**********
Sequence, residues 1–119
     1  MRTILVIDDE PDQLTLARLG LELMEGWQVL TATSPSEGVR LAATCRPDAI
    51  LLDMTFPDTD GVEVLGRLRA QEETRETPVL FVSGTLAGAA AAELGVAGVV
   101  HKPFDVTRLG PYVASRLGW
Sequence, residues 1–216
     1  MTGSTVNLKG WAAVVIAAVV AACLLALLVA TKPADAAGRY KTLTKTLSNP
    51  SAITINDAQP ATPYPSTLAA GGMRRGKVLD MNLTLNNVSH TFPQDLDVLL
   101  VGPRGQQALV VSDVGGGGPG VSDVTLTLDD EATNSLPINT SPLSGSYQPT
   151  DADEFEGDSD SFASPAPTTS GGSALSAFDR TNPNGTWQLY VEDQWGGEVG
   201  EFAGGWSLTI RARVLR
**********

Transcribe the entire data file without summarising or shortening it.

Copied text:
Sequence, residues 1–119
     1  MRTILVIDDE PDQLTLARLG LELMEGWQVL TATSPSEGVR LAATCRPDAI
    51  LLDMTFPDTD GVEVLGRLRA QEETRETPVL FVSGTLAGAA AAELGVAGVV
   101  HKPFDVTRLG PYVASRLGW
Sequence, residues 1–216
     1  MTGSTVNLKG WAAVVIAAVV AACLLALLVA TKPADAAGRY KTLTKTLSNP
    51  SAITINDAQP ATPYPSTLAA GGMRRGKVLD MNLTLNNVSH TFPQDLDVLL
   101  VGPRGQQALV VSDVGGGGPG VSDVTLTLDD EATNSLPINT SPLSGSYQPT
   151  DADEFEGDSD SFASPAPTTS GGSALSAFDR TNPNGTWQLY VEDQWGGEVG
   201  EFAGGWSLTI RARVLR